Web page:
In Islam, the veil, or hijab, is an act of modesty and religious expression for women. Because of the variety of different sects of Islam, there are varying degrees of hijabs and hijab-wearers. Some women choose not to wear the hijab at all, while some women wear entire body coverings with only their eyes visible.
The Iranian state, however, has legislated and restricted the choices of these women. In 1936, for a period, the hijab was outlawed altogether in an attempt to Westernize the country. For many, however, the hijab was a deliberate action of religious expression, and forcing them not to wear it was tantamount to religious persecution (for a much less severe example, but understandable by a predominantly Christian audience, imagine if displaying crosses of any form—on a necklace, tattoo, or article of clothing—was outlawed altogether).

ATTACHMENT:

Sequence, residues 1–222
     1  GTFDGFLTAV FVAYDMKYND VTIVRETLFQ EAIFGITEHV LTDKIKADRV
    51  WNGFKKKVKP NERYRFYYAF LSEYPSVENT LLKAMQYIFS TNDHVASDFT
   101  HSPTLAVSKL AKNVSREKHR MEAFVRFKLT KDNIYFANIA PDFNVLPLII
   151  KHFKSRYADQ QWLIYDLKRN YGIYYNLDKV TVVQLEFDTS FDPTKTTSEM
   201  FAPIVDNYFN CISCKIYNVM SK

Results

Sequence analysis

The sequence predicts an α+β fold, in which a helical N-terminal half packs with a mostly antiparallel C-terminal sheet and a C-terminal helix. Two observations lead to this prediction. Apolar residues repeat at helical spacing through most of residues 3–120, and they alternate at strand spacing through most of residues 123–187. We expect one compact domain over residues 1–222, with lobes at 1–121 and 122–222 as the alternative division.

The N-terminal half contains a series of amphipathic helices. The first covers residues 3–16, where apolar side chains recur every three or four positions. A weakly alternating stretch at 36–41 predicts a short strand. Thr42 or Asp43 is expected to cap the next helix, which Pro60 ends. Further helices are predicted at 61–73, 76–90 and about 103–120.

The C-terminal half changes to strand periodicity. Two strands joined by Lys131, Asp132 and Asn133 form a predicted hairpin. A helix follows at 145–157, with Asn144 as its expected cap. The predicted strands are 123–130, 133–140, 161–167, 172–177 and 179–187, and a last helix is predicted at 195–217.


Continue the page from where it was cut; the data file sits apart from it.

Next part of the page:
In later years, however, after the revolution, it was decreed that women wear full body coverings. So the choice of women to wear hijabs or similar attire has frequently been restricted and legislated by the state of Iran.